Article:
“The worst Supreme Court decision” ever

John McCain shows himself to be as ignorant of Supreme Court history as he is of reasonable tax policy with his recent comments about last week's decision on the Guantanamo detainees.  George Will, of all people, rakes him over the coals in today's column.  (Though I usually disagree with George Will, he is no Republican hack and gets things spot-on on occasion).  Anyway, to Will:

The day after the Supreme Court ruled that detainees imprisoned at Guantanamo are entitled to seek habeas corpus hearings, John McCain called it “one of the worst decisions in the history of this country.” Well.

Does it rank with Dred Scott v. Sanford
(1857), which concocted a constitutional right, unmentioned in the
document, to own slaves and held that black people have no rights that
white people are bound to respect? With Plessy v. Ferguson (1896), which affirmed the constitutionality of legally enforced racial segregation? With Korematsu v. United States (1944), which affirmed the wartime right to sweep American citizens of Japanese ancestry into concentration camps?

Did McCain's extravagant condemnation of the court's habeas ruling
result from his reading the 126 pages of opinions and dissents? More
likely, some clever ignoramus convinced him that this decision could
make the Supreme Court — meaning, which candidate would select the
best judicial nominees — a campaign issue…

The purpose of a writ of habeas corpus is to cause a government to
release a prisoner or show through due process why the prisoner should
be held. Of Guantanamo's approximately 270 detainees, many certainly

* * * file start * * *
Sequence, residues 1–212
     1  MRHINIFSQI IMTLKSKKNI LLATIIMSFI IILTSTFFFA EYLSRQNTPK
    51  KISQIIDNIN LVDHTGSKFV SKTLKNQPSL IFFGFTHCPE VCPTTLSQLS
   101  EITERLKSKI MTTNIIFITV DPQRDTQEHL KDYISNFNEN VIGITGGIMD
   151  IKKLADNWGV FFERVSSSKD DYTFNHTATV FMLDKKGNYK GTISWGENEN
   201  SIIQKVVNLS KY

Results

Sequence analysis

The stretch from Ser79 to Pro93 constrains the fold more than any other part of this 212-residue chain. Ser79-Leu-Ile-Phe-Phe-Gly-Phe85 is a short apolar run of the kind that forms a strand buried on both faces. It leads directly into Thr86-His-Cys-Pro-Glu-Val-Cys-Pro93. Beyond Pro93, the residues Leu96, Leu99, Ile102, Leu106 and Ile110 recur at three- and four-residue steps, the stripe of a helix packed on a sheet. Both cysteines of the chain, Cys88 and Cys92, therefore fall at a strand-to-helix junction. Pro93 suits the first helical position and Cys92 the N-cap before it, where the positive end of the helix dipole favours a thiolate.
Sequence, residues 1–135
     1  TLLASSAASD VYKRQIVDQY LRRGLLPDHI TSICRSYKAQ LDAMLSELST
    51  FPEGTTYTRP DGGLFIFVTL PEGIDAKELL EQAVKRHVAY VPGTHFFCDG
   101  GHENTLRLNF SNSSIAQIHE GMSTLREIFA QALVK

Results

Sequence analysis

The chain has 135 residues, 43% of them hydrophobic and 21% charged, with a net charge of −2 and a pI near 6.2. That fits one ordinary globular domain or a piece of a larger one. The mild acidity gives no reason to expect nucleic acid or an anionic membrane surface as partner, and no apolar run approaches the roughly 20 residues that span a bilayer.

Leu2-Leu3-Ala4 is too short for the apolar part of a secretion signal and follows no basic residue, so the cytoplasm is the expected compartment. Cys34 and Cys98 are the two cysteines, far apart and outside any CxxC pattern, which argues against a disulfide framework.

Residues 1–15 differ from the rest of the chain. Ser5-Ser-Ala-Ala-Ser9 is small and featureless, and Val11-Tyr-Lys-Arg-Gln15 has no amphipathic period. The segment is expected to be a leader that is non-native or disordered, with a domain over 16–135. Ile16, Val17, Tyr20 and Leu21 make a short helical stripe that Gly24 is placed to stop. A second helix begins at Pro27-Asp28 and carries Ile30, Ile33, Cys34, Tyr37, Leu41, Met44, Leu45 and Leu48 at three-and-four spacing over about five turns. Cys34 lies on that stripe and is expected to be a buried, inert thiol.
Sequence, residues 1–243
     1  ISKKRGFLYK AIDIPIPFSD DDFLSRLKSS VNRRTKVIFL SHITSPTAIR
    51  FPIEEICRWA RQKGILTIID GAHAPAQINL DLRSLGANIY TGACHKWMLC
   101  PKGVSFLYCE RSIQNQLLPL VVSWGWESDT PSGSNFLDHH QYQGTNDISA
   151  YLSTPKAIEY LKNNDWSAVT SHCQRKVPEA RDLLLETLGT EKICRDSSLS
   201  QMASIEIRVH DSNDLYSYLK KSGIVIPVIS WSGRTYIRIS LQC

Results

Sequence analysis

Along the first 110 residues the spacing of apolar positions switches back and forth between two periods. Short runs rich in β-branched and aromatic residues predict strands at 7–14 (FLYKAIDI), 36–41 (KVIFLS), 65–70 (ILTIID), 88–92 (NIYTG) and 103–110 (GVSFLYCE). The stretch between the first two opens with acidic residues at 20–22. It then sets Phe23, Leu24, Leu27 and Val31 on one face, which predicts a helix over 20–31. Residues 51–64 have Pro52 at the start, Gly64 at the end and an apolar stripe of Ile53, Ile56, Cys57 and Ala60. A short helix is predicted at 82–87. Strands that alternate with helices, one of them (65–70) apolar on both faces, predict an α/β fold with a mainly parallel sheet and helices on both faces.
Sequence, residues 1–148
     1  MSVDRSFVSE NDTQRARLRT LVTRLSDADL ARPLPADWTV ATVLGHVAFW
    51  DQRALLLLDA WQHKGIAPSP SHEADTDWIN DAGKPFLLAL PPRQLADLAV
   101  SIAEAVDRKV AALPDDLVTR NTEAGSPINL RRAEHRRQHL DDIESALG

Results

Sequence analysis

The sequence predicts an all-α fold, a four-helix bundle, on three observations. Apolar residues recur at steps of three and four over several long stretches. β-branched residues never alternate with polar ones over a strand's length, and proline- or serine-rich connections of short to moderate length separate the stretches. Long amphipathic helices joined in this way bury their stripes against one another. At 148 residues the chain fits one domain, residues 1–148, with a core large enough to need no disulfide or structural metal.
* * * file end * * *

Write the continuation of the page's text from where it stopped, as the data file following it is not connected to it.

are dangerous “enemy combatants.” Some probably are not. None will be released by
the court's decision, which does not even guarantee a right to a
hearing. Rather, it guarantees only a right to request a hearing.
Courts retain considerable discretion regarding such requests.

It will be interesting to see the depths John McCain sinks to in his right-wing pandering this election season.

A day in charts

I found this great chart, which seems to be making the rounds of the blogosphere, over at Ezra Klein today:

What this chart does is compare Obama's and McCain's tax plans.  If you aren't so good at reading charts, here's the upshot: Under Obama's plan 80% of taxpayers would see modest increases in after-tax income and the top quintile would see their after-tax income go down– most of this concentrated in the very richest Americans at the far right of the chart.  Under McCain's plan, all income quintiles would see modest percentage increases in after-tax income, but the richer you are, the more you benefit.  I can't wait to hear how he spins this during debates, etc., (actually, I'm pretty sure Mr. Straight Talk will just lie and the press will be too ignorant to call him on it).

And, just to make a post with two charts, a friend send me this rather fascinating chart today that compares China's cement usage to the rest of the world.  The difference is truly amazing:

What does this mean?  Find out here.

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